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Ex-B.C. journalist and democracy activist placed on Chinese ‘wanted’ list

Global News logo Global News 2022-08-18 Simon Little
Victor Ho, a Canadian former journalist and Hong Kong democracy activist, has been targeted by a Chinese law aimed at silencing dissent. © Global News Victor Ho, a Canadian former journalist and Hong Kong democracy activist, has been targeted by a Chinese law aimed at silencing dissent.

Most Canadians will never wake up to find a pair of agents with Canada's national spy agency at their door, but that's the situation a former newspaper editor living on the Lower Mainland found himself in Wednesday morning.

Victor Ho, the former editor of the Sing Tao Daily, Canada's largest Chinese-Canadian newspaper, and a Hong Kong democracy activist, was recently placed on a "wanted list" by security officials in Hong Kong, for alleged violations of the territory's National Security Law.

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"Their first question was, 'Are you safe,'" Ho told Global News of the visit to his Richmond, B.C., home by a pair of officers with the Canadian Security Intelligence Service (CSIS). The officers, he said, arranged a detailed interview with him later in the week.

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"I'm quite safe. Last night I just talked with a security expert here regarding my present situation. That expert said my situation is quite seriously dangerous, because they know the general practice of the Chinese government. So they are advising me to take extra precautions."

Ho said he has never received any formal communication from Chinese authorities letting him know he was legally sanctioned.


Ho was among a group of Hong Kong activists who announced in late July that they were organizing to hold an election for a Hong Kong "parliament in exile."

The move, he said, was meant to highlight the government of China's ongoing crackdown, which has severely curtailed democratic rights in the territory.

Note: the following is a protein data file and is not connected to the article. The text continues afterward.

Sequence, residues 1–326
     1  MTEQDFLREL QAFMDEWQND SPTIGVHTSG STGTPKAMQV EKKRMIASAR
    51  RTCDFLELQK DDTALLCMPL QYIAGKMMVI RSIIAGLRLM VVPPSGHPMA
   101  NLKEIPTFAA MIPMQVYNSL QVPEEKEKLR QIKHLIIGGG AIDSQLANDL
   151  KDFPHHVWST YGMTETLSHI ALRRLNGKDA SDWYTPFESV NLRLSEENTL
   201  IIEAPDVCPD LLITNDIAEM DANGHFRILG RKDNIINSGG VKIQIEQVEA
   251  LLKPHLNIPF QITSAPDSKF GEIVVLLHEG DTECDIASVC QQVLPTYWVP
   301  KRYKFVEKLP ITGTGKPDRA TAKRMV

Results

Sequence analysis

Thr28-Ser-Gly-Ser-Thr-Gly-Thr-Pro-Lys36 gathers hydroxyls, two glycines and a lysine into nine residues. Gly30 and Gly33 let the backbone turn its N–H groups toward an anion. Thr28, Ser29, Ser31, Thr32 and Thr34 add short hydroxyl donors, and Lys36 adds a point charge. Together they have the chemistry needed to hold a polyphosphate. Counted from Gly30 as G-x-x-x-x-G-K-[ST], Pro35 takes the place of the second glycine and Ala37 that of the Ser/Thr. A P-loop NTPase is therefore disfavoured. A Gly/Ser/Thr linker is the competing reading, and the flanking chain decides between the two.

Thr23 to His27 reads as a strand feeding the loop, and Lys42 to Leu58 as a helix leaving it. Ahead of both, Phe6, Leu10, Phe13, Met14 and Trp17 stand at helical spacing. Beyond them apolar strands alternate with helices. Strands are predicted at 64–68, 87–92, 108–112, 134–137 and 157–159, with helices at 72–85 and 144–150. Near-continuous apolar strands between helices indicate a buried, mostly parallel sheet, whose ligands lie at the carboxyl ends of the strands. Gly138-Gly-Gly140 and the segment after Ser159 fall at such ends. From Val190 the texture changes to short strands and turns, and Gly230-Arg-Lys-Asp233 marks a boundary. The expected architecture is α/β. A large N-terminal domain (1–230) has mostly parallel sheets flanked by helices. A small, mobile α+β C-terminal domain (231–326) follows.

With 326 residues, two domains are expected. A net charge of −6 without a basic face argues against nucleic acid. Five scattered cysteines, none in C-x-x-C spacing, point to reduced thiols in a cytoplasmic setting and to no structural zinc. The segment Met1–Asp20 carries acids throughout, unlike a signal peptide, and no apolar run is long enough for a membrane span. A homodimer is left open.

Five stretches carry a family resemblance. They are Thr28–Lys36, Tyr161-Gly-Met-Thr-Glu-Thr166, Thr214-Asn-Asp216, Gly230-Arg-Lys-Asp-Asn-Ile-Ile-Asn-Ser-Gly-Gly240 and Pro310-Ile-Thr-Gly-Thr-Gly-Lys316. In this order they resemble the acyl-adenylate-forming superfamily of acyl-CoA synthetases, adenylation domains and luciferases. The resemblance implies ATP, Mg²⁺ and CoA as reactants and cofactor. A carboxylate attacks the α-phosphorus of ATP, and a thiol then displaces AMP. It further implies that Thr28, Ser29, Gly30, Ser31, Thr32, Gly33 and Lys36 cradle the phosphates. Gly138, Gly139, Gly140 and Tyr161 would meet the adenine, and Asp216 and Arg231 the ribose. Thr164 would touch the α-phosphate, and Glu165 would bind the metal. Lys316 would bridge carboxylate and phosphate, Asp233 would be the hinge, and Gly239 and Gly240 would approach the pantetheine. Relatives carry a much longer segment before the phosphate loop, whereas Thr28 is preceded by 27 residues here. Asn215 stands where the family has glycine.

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"The legislative council in Hong Kong now is not a democratically elected one. It is controlled by the communist government," he said.

"(We want to) make noise and even create pressure on the Hong Kong government, the communist government, that you cannot treat Hong Kong people like that ... otherwise you are subjected to a tyranny government."

About a week later, Ho's name appeared in a press release from the Hong Kong Security Bureau.

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The notice said it "severely condemns" Ho and two others' actions in forming the parliament, which it called a breach of the National Security Law.

"Police shall spare no efforts in pursuing the cases in accordance with the law in order to bring the offenders to justice," it warned.

"The Security Bureau appeals to the public to dissociate themselves from individuals contravening the Hong Kong National Security Law, and the illegal activities those individuals organized, so as to avoid bearing any unnecessary legal risks."

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The law, imposed in 2020, bans what the Chinese government considers subversive and secessionist activity.

Notably, it claims to hold jurisdiction globally, covering dissent or criticism conducted in countries outside of China.

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Canada suspended its extradition treaty with Hong Kong in 2020, but two MPs are calling on the federal government to expressly speak out and insure Ho's safety.

In a letter to Prime Minister Justin Trudeau and Foreign Affairs Minister Melanie Joly, Vancouver-East MP Jenny Kwan and Edmonton-Strathcona MP Heather McPhereson said any application of the law to Ho was a violation of his rights protected under the Charter of Rights and Freedoms.

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"Notwithstanding whatever his views are on how to address these issues (in Hong Kong), the critical issue is this: Here in Canada we have what we cherish very much, our charter rights," Kwan told Global News in an interview, "our right to free speech, our right to free association, our rights to our beliefs and thoughts and the right for the freedom of the press."


Kwan said Ho is the first Canadian she is aware of to be targeted on Canadian soil by the National Security Law, and said she has real concerns about how China may seek to enforce it.

The Canadian government, she said, needs to be vocal about the rights of Ho and all other Canadians to free speech.

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"Tomorrow, who else are they going to target? Who else is going to be under threat? Am I going to be charged? Am I going to be put on the wanted list?" she asked. "Because I have actively criticized the National Security Law and the plight of the people in Hong Kong and actively advocated on behalf of them."

Global News has requested comment from Public Safety Canada in response.

In the meantime, Ho said he has no plans to curtail his activities, and that China's move to criminalize him may actually bring more attention to his cause.

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He said he believes Canada will act to protect his safety, but he remains worried about friends and relatives overseas.

"My big concern is my relatives in Hong Kong and in mainland China. They might be subject to some so-called harassment by certain people," he said.

"They may have a tough life ahead."


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